The National System of Political Economy
THAT which has reference to the raising, the expending, and the administration of the material means of government of a community (the financial economy of the State), must necessarily be distinguished everywhere from those institutions, regulations, laws, and conditions on which the economy of the individual subjects of a State is dependent, and by which it is regulated; i.e. from the economy of the people. The necessity for this distinction is apparent in reference to all political communities, whether these comprise a whole nation or merely fractions of a nation, and whether they are small or large.
In a confederated State, the financial economy of the State is again divided into the financial economy of the separate states and the financial economy of the entire union.
The economy of the people becomes identical with national economy where the State or the confederated State embraces a whole nation fitted for independence by the number of its population, the extent of its territory, by its political institutions, civilisation, wealth, and power, and thus fitted for stability and political influence. The economy of the people and national economy are, under these circumstances, one and the same. They constitute with the financial economy of the State the political economy of the nation.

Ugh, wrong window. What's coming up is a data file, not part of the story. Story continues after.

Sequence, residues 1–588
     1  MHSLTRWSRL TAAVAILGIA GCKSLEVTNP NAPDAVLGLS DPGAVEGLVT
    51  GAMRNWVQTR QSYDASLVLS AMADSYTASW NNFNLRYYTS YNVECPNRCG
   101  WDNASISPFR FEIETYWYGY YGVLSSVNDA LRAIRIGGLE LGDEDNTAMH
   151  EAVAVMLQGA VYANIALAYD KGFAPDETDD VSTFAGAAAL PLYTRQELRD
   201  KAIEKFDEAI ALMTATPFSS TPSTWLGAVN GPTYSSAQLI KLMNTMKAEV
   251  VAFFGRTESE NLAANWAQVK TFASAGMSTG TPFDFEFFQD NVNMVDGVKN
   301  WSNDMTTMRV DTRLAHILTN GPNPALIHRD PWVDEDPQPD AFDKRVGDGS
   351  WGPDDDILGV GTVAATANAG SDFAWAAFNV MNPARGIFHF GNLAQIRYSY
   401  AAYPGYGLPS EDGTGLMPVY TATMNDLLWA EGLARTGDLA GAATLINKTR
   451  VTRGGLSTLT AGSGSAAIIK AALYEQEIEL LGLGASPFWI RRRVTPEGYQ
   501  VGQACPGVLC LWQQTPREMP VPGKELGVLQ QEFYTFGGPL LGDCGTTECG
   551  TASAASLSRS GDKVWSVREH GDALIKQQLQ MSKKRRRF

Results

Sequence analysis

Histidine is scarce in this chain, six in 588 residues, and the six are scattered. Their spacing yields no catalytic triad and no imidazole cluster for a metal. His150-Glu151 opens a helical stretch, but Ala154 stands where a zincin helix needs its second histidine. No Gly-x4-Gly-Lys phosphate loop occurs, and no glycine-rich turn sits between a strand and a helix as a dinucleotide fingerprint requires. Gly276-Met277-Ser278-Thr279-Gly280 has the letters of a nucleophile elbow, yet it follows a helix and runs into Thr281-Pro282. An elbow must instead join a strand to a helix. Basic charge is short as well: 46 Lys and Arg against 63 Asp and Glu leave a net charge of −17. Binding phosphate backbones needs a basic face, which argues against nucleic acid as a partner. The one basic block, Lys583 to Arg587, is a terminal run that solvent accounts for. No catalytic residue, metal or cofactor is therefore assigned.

But, on the other hand, in States whose population and territory merely consist of the fraction of a nation or of a national territory, which neither by complete and direct union, nor by means of a federal union with other fractions, constitutes a whole, we can only take into consideration an 'economy of the people' which is directly opposed to 'private economy' or to 'financial economy of the State.'
In such an imperfect political condition, the objects and requirements of a great nationality cannot be taken into consideration; especially is it impossible to regulate the economy of the people with reference to the development of a nation complete in itself, and with a view to its independence, permanence, and power. Here politics must necessarily remain excluded from economy, here can one only take account of the natural laws of social economy, as these would develop and shape themselves if no large united nationality or national economy existed anywhere.
It is from this standpoint that that science has been cultivated in Germany which was formerly called 'State administration,' then 'national economy,' then 'political economy,' then 'popular administration,' without anyone having clearly apprehended the fundamental error of these systems.
The true conception and real character of national economy could not be recognised because no economically united nation was in existence, and because for the distinct and definite term 'nation' men had everywhere substituted the general and vague term 'society,' an idea which is as applicable to entire humanity, or to a small country, or to a single town, as to the nation.
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